Jack Dura / Bismarck Tribune
Despite a committee's "do not pass" recommendation, the North Dakota Senate passed a resolution on Monday, March 4, to study state and tribal practices in preserving cultural sites. Two Democratic-NPL senators urged the full chamber to pass Senate Concurrent Resolution 4017, citing the significance of tribal culture and the need to preserve historic and sacred sites before knowledge of them is gone.
BISMARCK — Remote access to North Dakota court records is a bit closer to becoming a reality. The state Supreme Court returned a proposal to rewrite Administrative Rule 41 — which governs public access to court records — to the Court Services Administration Committee to consider public comments received on the draft. The committee met Jan. 18 to review the comments.
BISMARCK -- Gov. Doug Burgum has made cybersecurity a priority in his budget vision, and North Dakota lawmakers began to dig into the topic Friday, Jan 4. The Senate Political Subdivisions Committee heard testimony on Senate Bill 2110, which would define cybersecurity in state law and give responsibility to the state Information Technology Department to "advise, oversee and regulate cybersecurity strategy" for state agencies and public entities, such as higher education, cities, counties and school districts.
BISMARCK -- Gov. Doug Burgum has proposed a budget plan to replenish North Dakota's rainy day fund, a move others in state government see as a priority for the next biennium. The Budget Stabilization Fund was drained of $572 million to offset revenue shortfalls in 2016 and 2017. As of Oct. 31, the fund sits at about $114 million. That total includes a $75 million cap from oil tax revenue and $38 million from last biennium's general fund. Anything over $65 million in the general fund at the end of a biennium goes into the Budget Stabilization Fund.
BISMARCK — A former employee of the North Dakota Department of Transportation's Motor Vehicle Division is facing felony charges that she embezzled thousands of dollars in customer transactions. Dorma Jean Steier, 62, of Mandan, N.D., is charged with felony counts of theft, forgery and deceptive writings. She is set for trial in early January.
BISMARCK — No one agrees on much about Measure 3. The initiated statutory measure to legalize recreational marijuana in North Dakota for people older than 21 is on the November ballot, with smokin' hot arguments rolled within. “I think it’s a great law. I think the law is wonderfully written,” said David Owen, who chairs the Measure 3 sponsoring committee.
MANDAN, N.D.—Mandan police are not releasing the name of a man injured in an officer-involved shooting because they are unsure if he will invoke his Marsy's Law rights. "We're not in touch with him because of the fact we're not doing the investigation, and so, until we know that for sure, we are not going to be (releasing the name) because we don't want to overstep that," Mandan Police Deputy Chief Lori Flaten said Monday, Oct. 15. The North Dakota Bureau of Criminal Investigation has opened a probe into the Oct. 9 shooting, of which few details are available.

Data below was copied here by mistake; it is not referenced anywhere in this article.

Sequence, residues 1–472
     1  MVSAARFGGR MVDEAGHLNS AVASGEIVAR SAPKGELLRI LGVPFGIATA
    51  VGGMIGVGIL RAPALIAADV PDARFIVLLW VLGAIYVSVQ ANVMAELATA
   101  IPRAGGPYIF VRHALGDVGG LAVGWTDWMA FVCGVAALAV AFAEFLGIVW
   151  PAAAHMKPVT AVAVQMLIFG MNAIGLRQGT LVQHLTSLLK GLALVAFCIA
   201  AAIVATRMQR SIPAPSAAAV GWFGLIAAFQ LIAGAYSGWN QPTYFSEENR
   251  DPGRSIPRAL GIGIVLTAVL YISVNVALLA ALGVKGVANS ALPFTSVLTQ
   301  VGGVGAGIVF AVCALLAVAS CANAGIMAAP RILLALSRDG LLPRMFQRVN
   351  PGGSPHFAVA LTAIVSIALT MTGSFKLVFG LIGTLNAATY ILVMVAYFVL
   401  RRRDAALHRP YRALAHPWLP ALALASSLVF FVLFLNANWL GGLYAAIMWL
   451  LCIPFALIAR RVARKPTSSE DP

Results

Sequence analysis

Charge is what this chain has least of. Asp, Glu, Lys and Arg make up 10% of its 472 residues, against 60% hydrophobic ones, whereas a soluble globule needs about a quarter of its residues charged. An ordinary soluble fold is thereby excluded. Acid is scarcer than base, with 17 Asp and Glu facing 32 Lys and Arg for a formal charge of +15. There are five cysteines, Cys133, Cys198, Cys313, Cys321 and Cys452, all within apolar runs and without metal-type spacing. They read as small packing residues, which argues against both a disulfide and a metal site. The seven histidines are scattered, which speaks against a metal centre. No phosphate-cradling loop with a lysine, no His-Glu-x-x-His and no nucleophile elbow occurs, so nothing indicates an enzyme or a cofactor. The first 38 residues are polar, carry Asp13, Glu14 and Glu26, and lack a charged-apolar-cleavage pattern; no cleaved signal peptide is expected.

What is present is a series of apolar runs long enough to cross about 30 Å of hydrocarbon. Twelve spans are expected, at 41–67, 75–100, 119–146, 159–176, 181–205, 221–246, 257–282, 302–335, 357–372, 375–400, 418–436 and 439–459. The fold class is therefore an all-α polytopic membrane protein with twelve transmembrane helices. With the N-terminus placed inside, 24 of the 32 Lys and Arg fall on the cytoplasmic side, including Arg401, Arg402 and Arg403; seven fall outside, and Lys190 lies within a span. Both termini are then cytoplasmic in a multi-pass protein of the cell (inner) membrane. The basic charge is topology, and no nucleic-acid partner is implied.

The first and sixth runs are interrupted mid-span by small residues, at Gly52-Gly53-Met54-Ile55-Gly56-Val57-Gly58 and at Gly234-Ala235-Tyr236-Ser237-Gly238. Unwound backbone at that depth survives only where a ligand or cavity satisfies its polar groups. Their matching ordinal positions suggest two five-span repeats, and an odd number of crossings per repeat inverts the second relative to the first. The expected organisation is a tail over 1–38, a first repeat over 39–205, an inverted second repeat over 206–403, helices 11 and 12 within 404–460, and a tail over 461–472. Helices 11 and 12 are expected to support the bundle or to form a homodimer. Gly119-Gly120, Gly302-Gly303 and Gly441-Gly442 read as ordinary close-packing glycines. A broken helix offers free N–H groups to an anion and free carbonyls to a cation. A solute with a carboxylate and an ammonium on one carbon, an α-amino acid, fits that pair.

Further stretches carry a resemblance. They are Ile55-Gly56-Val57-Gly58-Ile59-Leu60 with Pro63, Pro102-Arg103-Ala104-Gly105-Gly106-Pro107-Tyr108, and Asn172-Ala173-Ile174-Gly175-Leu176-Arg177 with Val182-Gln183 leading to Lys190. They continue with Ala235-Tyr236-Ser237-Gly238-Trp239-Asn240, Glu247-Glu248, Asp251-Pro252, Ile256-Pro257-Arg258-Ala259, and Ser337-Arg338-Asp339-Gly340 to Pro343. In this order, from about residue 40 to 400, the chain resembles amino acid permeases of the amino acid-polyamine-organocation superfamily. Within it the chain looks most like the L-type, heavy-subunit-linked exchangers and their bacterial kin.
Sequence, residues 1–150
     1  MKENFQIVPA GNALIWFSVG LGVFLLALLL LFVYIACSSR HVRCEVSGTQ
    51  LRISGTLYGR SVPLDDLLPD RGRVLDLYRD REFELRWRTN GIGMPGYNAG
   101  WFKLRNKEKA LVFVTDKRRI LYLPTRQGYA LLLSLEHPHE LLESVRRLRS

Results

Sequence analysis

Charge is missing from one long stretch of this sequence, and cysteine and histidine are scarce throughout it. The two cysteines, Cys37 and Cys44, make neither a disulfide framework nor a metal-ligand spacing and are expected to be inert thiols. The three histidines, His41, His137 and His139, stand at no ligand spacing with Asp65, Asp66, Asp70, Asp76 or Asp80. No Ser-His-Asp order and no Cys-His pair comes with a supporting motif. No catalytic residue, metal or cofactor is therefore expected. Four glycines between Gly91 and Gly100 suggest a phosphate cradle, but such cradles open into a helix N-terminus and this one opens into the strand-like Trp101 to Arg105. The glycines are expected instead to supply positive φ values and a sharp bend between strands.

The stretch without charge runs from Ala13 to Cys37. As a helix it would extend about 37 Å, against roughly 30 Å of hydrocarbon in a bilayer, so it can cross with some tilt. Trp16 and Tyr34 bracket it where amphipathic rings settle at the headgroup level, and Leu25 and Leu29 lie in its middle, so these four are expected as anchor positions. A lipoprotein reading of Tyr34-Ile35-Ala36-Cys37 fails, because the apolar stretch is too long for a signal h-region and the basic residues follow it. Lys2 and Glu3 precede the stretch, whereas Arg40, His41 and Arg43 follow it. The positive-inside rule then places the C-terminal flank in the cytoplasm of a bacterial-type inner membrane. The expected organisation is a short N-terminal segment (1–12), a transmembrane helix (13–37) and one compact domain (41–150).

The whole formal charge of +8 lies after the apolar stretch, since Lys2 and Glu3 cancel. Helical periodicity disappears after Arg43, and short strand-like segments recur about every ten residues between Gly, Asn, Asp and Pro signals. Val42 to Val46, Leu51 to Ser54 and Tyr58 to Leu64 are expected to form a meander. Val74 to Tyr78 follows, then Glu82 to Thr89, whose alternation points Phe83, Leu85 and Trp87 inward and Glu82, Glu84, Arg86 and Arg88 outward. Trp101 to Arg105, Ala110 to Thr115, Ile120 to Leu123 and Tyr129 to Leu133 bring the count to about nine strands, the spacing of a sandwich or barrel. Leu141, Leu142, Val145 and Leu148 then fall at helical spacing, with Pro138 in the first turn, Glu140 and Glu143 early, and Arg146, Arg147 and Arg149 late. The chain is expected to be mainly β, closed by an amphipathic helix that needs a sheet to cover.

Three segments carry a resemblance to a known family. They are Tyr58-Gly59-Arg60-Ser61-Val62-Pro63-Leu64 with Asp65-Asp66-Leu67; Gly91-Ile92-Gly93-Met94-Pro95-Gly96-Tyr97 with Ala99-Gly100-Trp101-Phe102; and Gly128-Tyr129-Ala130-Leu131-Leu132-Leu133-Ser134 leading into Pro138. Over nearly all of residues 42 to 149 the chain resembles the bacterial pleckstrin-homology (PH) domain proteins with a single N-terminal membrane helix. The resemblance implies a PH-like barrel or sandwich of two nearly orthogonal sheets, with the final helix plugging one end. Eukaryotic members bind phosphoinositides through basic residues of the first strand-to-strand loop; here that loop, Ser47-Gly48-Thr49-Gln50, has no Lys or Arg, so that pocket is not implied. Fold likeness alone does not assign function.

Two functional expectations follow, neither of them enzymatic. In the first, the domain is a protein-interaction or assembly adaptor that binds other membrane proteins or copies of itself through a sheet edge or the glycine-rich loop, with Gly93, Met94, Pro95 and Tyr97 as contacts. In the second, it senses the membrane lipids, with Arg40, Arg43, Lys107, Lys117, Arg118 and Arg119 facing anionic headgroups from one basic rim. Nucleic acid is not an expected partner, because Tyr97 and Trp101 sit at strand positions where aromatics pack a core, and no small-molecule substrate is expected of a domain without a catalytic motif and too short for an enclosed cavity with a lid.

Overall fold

MANDAN, N.D.—Sherilyn Johnson unloads her arms of lesson materials after walking into Sweet Briar School, the sounds of playing children behind her. Model airplanes and a solar system hang from the ceiling. Maps, artwork and lesson plans cover the walls and boards. A bearded dragon basks in a terrarium. "Our latest addition. Isn't that great?" Johnson said, looking at the tiny reptile that is the subject of a science project.
BISMARCK—Defense and prosecuting attorneys are giving no ground in the case of a licensed addiction counselor charged with hindering Bismarck police in a methadone patient's arrest. Kiki Schatz, who works at Heartview Foundation in Bismarck, is accused of misdemeanor hindering law enforcement for refusing police entry to the treatment center to arrest Brendan Kapfer for allegedly violating a domestic violence protection order. Schatz invoked Part 2 of Title 42 of the Code of Federal Regulations, which provides confidentiality for patients seeking treatment for addiction.
BISMARCK—In an email to members of the North Dakota Economic Development Foundation, former state Commerce Commissioner Jay Schuler appeared unapologetic about the email that led to his resignation Monday, Oct. 1. Gov. Doug Burgum accepted Schuler's resignation after Schuler sent a staffwide email and attachment Monday morning expressing his personal thoughts on U.S. Supreme Court nominee Brett Kavanaugh's confirmation process — a message Burgum described as "unacceptable."